With the showpiece event of the rugby calendar fast approaching, there will already be teams that will know their best teams as preparations have been stepped up over recent months.
New Zealand will head into the tournament as the team to beat, while England, South Africa and Ireland will be looking to build on their 2015 showing.
The Japanese World Cup will be a wonderful occasion where a new country will see everything that is great about the sport. The world will be captivated for the six-week competition, but which teams should we be keeping an eye out for a potential good run?
It is unheard of to be speaking about Australia as the dark horses for a World Cup, but the questions surrounding their manager and the inexcusable actions of Israel Folau; the Aussies aren’t well fancied to achieve anything later this year. However, should they get their best players on the field and create a unity within the group they could be a force to be reckoned with in Japan.
They have been written off in the past, but Cheika has already shown signs that he is creating a positive mood in the camp, and that will go a long way to improving their chances.
How the Aussies start will be crucial. They are in Pool D alongside Fiji, Wales, Georgia, and Uruguay, which looks a bit sticky on paper. The USA remains a growing force in the game, and they could meet them in the next round. The influence of NFL players taking to rugby will make them a threat.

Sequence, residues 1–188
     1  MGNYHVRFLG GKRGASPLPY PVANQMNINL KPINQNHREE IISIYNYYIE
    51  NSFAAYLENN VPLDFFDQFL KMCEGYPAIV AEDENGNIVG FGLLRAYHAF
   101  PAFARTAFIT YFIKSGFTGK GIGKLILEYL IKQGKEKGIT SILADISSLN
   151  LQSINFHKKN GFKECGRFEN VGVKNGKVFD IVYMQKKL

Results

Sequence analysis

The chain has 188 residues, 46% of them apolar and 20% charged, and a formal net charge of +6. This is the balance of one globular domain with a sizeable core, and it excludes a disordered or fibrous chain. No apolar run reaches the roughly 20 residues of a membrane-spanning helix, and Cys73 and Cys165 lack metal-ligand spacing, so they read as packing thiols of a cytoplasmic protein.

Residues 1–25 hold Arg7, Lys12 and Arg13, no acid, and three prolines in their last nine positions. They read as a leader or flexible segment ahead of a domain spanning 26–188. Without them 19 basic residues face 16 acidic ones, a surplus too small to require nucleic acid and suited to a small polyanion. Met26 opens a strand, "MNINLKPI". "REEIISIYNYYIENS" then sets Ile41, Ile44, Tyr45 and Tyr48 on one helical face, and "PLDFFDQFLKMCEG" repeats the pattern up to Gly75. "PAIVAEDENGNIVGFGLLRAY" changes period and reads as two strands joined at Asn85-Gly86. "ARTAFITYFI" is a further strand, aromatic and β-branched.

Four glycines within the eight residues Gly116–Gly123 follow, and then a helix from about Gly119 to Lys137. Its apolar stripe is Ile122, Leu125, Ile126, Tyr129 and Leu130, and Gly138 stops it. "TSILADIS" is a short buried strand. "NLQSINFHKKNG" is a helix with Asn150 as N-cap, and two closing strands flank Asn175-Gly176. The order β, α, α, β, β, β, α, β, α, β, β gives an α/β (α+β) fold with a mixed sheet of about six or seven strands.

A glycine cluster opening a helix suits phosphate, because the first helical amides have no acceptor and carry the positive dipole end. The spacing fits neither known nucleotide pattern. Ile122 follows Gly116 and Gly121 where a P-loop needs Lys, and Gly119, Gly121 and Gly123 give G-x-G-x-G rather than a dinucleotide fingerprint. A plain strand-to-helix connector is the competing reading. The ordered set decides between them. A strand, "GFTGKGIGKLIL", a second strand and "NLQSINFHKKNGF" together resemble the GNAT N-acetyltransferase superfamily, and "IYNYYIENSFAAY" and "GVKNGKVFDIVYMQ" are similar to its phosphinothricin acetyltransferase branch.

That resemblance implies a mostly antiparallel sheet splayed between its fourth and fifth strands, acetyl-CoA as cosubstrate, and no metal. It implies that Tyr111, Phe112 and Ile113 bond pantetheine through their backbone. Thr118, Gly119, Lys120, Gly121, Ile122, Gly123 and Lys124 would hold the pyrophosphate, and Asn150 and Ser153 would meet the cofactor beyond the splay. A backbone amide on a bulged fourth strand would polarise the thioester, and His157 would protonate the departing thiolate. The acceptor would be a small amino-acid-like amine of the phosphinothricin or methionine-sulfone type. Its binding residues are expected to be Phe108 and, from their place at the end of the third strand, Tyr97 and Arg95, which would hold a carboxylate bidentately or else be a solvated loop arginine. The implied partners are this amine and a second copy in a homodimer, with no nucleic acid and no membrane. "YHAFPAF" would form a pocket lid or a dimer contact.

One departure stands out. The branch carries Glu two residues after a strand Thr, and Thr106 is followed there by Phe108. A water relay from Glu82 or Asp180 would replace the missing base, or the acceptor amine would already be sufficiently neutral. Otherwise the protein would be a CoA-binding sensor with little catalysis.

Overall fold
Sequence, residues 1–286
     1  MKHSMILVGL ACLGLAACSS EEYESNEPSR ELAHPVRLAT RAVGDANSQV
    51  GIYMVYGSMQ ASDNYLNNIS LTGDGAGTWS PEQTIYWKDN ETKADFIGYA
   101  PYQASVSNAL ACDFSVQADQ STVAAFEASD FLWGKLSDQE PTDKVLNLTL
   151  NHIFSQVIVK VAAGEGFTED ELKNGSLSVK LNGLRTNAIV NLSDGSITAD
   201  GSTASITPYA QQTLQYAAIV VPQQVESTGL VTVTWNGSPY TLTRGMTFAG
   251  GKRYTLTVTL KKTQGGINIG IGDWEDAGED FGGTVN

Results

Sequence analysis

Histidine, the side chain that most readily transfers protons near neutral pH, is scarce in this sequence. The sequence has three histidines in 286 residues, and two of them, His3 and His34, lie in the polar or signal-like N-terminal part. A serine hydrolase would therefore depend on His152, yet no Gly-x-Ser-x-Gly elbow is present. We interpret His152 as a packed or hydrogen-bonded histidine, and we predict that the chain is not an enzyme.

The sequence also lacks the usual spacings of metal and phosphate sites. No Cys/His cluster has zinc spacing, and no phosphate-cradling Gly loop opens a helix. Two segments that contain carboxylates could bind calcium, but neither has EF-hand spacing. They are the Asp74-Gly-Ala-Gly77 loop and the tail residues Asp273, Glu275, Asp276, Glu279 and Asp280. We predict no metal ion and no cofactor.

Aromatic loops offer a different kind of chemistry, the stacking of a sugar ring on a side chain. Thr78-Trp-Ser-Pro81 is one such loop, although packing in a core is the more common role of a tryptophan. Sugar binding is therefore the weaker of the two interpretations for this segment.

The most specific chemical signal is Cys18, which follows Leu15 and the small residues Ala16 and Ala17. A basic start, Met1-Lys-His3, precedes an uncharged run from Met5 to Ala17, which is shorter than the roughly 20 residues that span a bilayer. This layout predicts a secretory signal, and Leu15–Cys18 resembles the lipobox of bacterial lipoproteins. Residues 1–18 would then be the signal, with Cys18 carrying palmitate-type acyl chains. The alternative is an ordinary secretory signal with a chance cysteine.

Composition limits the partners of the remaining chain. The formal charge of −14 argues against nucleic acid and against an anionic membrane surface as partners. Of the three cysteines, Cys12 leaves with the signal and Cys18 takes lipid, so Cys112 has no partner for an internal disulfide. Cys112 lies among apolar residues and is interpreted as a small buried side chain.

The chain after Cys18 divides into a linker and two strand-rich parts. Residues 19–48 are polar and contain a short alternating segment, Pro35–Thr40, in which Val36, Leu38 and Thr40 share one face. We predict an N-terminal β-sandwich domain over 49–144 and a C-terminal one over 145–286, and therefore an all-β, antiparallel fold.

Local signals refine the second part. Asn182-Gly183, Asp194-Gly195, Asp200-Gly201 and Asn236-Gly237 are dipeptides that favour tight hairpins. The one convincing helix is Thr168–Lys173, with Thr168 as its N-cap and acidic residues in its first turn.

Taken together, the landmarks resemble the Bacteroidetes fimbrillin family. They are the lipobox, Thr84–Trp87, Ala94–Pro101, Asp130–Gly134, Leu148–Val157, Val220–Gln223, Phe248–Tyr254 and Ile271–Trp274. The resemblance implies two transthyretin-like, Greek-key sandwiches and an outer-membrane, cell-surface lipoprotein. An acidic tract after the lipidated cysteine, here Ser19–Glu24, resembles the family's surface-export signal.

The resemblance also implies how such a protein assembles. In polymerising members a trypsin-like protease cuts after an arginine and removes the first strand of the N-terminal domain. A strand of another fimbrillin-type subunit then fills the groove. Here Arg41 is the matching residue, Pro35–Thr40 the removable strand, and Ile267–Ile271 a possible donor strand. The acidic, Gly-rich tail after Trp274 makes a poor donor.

When Scotland thumped England to win their first Calcutta Cup for ten years in 2018, there was a feeling that there was about be a fresh optimism about Scottish rugby. However, fast forward one year, and they have been unable to capitalise on that momentum as they lost to Ireland, Wales and France in the 2019 Six Nations. They did, however, end that competition on a positive, with a thrilling 38-38 draw against England at Twickenham.
They move forward towards the World Cup with momentum from this achievement. It was the first since 1984 that they had retained the Calcutta Cup, and the first time since 1989 that they hadn’t lost to their rivals at Twickenham. In Darcy Graham and Blair Kinghorn, they have two quality players that are capable of producing moments for the Scots in Japan.
The Scottish will be buoyed by the fact that they have been handed a generous group in which they should progress from. They will be in Pool A alongside Ireland, Japan, Russia and Samoa. They have probably the same position than the New York Mets have in the odds to win the World Series of baseball, which is not very favourable, but who knows what can happen?
Warren Gatland thrives in tournament rugby and excels when the tag of underdogs is placed on his side. While they won’t be massive outsiders to win the World Cup, they certainly remain underdogs to win the competition. They will enter the tournament as the second-ranked team behind New Zealand in the rankings and will be hoping to build on a successful Six Nations outing earlier in the year.
They ended the European event as the Grand Slam winners; with their standout result being a 21-13 victory over their nearest rivals England. It would seem this would be the final competition for the Welsh under Gatland, as he has been heavily linked to becoming the next New Zealand coach, which means it will be his last chance to secure a World Cup for the Welsh. The Welsh will face off against the Aussies, Georgia, Fiji and Uruguay in Pool D, and should safely navigate their route into the later rounds, and that is where Wales come alive in tournament rugby.